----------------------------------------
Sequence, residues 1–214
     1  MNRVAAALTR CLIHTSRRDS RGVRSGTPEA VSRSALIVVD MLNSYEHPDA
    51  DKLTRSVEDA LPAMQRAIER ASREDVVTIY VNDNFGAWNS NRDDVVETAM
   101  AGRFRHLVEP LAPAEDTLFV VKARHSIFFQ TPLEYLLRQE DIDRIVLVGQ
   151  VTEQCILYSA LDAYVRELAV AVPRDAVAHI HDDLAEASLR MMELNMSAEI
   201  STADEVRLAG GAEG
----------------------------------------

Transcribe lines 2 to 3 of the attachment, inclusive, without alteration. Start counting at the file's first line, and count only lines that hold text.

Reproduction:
     1  MNRVAAALTR CLIHTSRRDS RGVRSGTPEA VSRSALIVVD MLNSYEHPDA
    51  DKLTRSVEDA LPAMQRAIER ASREDVVTIY VNDNFGAWNS NRDDVVETAM